TILA was passed in 1968 for reasons of uniform disclosure mentioned above and to foster competitive pressures on credit transactions as a result of uniform disclosures. 15 U.S.C.§ 1602 (1970). As with any statute featuring fee shifting provisions and statutory penalties for violations, it attracted attention of practitioners. Impoverished or overextended debtors often found defenses in incorrect disclosures. This led to a level of outrage on the part of creditors who claimed that the Act was arcane; that allegations of violations were "hyper-technical" and did not relate to actual harm to the debtor; and that the typical consumer did not heed the disclosures when shopping for credit sufficiently to justify the impositions of the Act.

Meanwhile, also in 1968, the National Conference of Commissioners on Uniform State Laws drafted the 1968 Text of the Uniform Consumer Credit Code. Prefatory Note, Uniform Consumer Credit Code, 1968 Act, [7 (Part II) U. L. A.] 476 (1997). It was adopted with TILA in mind and was designed to dovetail with and complement that Act, at least for any state that has not adopted its stand alone version of a Truth in Lending statute in order to be exempted by the Federal Reserve Board. Id. at 480, 481. With additions from the later adopted 1974 UCCC Text and additional modifications adopted by the General Assembly, South Carolina adopted the UCCC in 1974 by Act 1241 and named it the South Carolina Consumer Protection Code. H. Haynsworth and K. Smith, The South Carolina Consumer ProtectionCode with Comments (S.C. Bar C.L.E. Div., 3d ed. 1996) at 1.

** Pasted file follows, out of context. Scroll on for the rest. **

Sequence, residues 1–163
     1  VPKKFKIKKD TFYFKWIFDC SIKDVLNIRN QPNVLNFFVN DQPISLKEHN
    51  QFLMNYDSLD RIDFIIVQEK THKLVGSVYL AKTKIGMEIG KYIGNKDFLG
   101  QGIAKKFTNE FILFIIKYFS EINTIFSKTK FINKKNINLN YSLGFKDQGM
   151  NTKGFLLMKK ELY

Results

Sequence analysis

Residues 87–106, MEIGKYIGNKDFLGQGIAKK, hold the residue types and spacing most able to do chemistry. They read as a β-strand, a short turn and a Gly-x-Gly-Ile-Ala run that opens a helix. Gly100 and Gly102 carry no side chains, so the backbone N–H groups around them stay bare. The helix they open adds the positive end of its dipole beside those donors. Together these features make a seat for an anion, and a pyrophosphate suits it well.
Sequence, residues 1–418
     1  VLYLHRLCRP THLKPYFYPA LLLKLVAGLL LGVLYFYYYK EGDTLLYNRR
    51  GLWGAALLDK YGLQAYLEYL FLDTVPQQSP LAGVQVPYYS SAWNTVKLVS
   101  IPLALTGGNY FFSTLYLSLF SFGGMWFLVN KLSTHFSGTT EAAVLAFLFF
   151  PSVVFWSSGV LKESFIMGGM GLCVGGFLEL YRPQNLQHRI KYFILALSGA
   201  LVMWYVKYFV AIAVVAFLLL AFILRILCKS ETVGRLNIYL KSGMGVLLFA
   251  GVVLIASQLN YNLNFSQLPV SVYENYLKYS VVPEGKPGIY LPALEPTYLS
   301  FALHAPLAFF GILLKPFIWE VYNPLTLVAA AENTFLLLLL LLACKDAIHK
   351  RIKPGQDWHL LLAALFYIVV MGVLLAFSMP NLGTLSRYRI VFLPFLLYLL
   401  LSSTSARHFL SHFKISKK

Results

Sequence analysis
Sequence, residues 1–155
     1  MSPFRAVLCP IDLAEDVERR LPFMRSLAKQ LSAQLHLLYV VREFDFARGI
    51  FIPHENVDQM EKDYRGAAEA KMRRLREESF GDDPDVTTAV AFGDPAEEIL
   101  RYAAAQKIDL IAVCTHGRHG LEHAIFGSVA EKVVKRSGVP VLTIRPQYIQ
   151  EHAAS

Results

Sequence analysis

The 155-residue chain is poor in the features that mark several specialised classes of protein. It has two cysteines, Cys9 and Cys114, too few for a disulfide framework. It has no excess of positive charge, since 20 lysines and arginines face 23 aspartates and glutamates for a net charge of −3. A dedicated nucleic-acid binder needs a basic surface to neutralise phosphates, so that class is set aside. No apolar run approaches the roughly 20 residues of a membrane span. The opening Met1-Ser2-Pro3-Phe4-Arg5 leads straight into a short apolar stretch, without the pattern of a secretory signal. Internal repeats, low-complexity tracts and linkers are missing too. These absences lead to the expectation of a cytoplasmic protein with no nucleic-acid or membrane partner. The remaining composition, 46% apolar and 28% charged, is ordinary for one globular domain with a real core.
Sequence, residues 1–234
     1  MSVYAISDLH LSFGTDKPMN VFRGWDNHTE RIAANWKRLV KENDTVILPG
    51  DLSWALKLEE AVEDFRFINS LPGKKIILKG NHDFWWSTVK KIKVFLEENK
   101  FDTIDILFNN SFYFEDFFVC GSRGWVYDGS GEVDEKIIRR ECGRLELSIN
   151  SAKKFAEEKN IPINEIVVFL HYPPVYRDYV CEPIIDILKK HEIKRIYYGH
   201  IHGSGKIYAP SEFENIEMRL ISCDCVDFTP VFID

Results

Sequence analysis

The two acts evolved over the ensuing years. Creditors' complaints found receptive ears in Congress. With the enactment of the Truth in Lending Simplification and Reform Act of 1980 (TILSRA), Congress retrenched some of the features deemed most objectionable by creditors. Under the prior version, statutory penalties (measured by doubling the finance charge, but not to be less than $100 nor more than $1,000) and attorney's fees were recoverable for any violation, no matter how

21"technical" and no matter how tenuous any claim of actual harm. Section 130, TILA, (a) [15 U. S. C. § 1640 (a) (1976)1.

TILSRA made the statutory penalties available to claimants only for failure to disclose or incorrect disclosure of only the "material" or most significant and informative disclosures. 15 U.S.C. §§ 1638 (a) and 1640 (a) (1980). For example, under the previous version of TILA, the disclosure of a late charge on a closed end transaction that was one cent in excess of the actual or statutorily allowed late charge would support a claim for statutory penalties. See 15 U.S.C. §§ 1639 (a) (7) and 1640 (a) (2) (A) (i) (1976). Under TILSRA, while the late charge is still a required disclosure, the incorrect disclosure of a late charge, or even the utter failure to disclose it, does not give rise to the statutory damages. 15 U.S.C.§§ 1638 (a) (10) and 1640 (a) (1980).

Other areas in which TILSRA amended TILA to reduce potential creditor liability were assignee liability and disclosure violations necessary to enable the debtor to rescind certain real estate or home secured transactions. These will be discussed below with regard to the potential variations in substantive rights between TILA and the Consumer Protection Code.